# Matrix Multiplication

I was wondering if it would be worthwhile adding an optimized matrix multiplication for cases when you’re not doing perspective projections. i.e. 99.9% of the time
If you aren’t doing a perspective project, then you’re pretty much guaranteed that:
M14, M24, M34, M44 = (0, 0, 0, 1)

Maybe something along the lines of:
public static Matrix MultiplyNoPerspective(Matrix matrix1, Matrix matrix2)
{
Matrix ret;
MultiplyNoPerspective(ref matrix1, ref matrix2, out ret);
return ret;
}

``````    public static void MultiplyNoPerspective(ref Matrix matrix1, ref Matrix matrix2, out Matrix result)
{
result.M11 = matrix1.M11 * matrix2.M11 + matrix1.M12 * matrix2.M21 + matrix1.M13 * matrix2.M31; // + matrix1.M14 * matrix2.M41;
result.M12 = matrix1.M11 * matrix2.M12 + matrix1.M12 * matrix2.M22 + matrix1.M13 * matrix2.M32; // + matrix1.M14 * matrix2.M42;
result.M13 = matrix1.M11 * matrix2.M13 + matrix1.M12 * matrix2.M23 + matrix1.M13 * matrix2.M33; // + matrix1.M14 * matrix2.M43;
result.M14 = 0f; //matrix1.M11 * matrix2.M14 + matrix1.M12 * matrix2.M24 + matrix1.M13 * matrix2.M34 + matrix1.M14 * matrix2.M44;

result.M21 = matrix1.M21 * matrix2.M11 + matrix1.M22 * matrix2.M21 + matrix1.M23 * matrix2.M31; // + matrix1.M24 * matrix2.M41;
result.M22 = matrix1.M21 * matrix2.M12 + matrix1.M22 * matrix2.M22 + matrix1.M23 * matrix2.M32; // + matrix1.M24 * matrix2.M42;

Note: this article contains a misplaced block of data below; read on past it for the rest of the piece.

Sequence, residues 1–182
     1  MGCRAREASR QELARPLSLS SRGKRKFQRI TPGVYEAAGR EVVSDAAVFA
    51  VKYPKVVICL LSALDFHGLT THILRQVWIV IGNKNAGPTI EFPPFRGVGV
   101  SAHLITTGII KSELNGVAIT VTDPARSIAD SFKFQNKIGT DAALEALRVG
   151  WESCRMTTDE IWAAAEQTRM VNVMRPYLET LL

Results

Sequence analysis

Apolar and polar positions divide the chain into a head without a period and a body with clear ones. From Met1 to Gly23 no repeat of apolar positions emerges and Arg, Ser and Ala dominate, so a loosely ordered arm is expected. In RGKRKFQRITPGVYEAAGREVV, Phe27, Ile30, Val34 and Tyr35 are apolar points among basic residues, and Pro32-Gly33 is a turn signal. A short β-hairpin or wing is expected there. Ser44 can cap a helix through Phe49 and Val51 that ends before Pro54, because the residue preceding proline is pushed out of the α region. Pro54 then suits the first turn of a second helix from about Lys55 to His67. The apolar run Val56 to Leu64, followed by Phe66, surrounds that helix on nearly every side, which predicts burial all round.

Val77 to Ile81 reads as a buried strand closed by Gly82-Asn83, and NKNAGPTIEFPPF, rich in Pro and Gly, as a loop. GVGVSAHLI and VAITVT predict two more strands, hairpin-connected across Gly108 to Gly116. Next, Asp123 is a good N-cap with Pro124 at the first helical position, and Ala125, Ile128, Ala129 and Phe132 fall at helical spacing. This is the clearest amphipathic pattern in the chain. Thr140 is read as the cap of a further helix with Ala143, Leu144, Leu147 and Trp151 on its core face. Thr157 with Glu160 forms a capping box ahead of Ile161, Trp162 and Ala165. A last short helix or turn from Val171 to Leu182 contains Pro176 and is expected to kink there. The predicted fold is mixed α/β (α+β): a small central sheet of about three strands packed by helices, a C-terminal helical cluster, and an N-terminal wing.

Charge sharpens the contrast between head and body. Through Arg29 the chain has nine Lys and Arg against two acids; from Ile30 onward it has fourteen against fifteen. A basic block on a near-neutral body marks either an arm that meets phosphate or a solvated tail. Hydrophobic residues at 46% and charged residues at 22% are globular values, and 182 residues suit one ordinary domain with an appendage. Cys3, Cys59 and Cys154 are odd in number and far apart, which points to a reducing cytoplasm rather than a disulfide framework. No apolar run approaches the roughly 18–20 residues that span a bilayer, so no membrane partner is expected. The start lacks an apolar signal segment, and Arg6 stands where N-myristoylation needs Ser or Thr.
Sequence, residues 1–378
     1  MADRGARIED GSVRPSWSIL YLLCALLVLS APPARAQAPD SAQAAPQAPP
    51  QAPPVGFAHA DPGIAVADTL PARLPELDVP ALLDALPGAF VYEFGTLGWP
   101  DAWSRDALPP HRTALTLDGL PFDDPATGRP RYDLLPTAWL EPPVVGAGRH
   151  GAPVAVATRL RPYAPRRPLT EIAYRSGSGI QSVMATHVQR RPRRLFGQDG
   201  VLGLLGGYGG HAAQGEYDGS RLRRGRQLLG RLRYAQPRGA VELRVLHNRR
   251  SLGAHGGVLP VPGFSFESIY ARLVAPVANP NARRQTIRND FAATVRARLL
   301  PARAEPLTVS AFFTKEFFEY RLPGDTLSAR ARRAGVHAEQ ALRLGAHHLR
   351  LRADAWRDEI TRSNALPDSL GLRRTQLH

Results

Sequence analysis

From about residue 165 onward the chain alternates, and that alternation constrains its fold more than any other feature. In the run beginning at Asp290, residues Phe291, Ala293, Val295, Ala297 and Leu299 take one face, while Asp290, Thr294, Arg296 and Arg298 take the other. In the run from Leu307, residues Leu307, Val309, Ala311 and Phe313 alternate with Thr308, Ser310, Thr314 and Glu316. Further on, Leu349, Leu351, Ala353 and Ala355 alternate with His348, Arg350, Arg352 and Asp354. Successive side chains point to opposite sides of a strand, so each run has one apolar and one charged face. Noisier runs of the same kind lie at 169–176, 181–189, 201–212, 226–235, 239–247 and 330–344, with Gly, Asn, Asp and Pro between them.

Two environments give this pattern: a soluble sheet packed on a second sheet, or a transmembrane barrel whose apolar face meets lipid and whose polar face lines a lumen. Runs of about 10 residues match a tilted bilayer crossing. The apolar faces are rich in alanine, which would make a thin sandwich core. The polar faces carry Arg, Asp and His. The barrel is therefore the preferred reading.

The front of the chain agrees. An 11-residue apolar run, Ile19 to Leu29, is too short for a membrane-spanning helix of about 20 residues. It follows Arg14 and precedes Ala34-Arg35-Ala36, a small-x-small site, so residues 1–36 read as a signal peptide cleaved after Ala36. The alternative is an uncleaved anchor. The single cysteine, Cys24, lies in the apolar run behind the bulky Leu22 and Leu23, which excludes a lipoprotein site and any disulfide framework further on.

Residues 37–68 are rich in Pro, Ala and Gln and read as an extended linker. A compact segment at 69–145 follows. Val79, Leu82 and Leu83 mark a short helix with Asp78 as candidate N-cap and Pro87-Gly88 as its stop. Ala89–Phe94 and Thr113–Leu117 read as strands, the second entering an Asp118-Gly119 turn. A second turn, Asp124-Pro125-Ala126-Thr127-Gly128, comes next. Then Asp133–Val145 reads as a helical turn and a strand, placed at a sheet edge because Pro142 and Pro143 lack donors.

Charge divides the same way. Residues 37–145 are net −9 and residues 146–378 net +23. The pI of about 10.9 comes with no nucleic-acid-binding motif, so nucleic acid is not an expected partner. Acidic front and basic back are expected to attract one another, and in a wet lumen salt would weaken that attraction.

result.M23 = matrix1.M21 * matrix2.M13 + matrix1.M22 * matrix2.M23 + matrix1.M23 * matrix2.M33; // + matrix1.M24 * matrix2.M43;
result.M24 = 0f; //matrix1.M21 * matrix2.M14 + matrix1.M22 * matrix2.M24 + matrix1.M23 * matrix2.M34 + matrix1.M24 * matrix2.M44;

result.M31 = matrix1.M31 * matrix2.M11 + matrix1.M32 * matrix2.M21 + matrix1.M33 * matrix2.M31; // + matrix1.M34 * matrix2.M41;
result.M32 = matrix1.M31 * matrix2.M12 + matrix1.M32 * matrix2.M22 + matrix1.M33 * matrix2.M32; // + matrix1.M34 * matrix2.M42;
result.M33 = matrix1.M31 * matrix2.M13 + matrix1.M32 * matrix2.M23 + matrix1.M33 * matrix2.M33; // + matrix1.M34 * matrix2.M43;
result.M34 = 0f; //matrix1.M31 * matrix2.M14 + matrix1.M32 * matrix2.M24 + matrix1.M33 * matrix2.M34 + matrix1.M34 * matrix2.M44;

result.M41 = matrix1.M41 * matrix2.M11 + matrix1.M42 * matrix2.M21 + matrix1.M43 * matrix2.M31 + matrix2.M41; //matrix1.M44 * matrix2.M41;
result.M42 = matrix1.M41 * matrix2.M12 + matrix1.M42 * matrix2.M22 + matrix1.M43 * matrix2.M32 + matrix2.M42; //matrix1.M44 * matrix2.M42;
result.M43 = matrix1.M41 * matrix2.M13 + matrix1.M42 * matrix2.M23 + matrix1.M43 * matrix2.M33 + matrix2.M43; //matrix1.M44 * matrix2.M43;
result.M44 = 1f; //matrix1.M41 * matrix2.M14 + matrix1.M42 * matrix2.M24 + matrix1.M43 * matrix2.M34 + matrix1.M44 * matrix2.M44;
}``````

If you mean for internal calculations were you transform a world matrix by say a rotation matrix… maybe.

You can write your own extension methods and shaders that use them.
I suppose you could squeeze out a few less calculations that way.

However, the m14 m24 m34 elements are skewing elements, they could be thought of as a skewing vector for the x y z axis in screen space.
So that wouldn’t be a proper name for your multiply as its not really a matrix multiply at all now, It might cause you confusion later.

Thanks.

I’ve also done some performance testing and the small speed improvement of the method itself becomes negligible across an entire frame, with everything else that’s happening.

A more interesting improvement would be to take advantage of SIMD.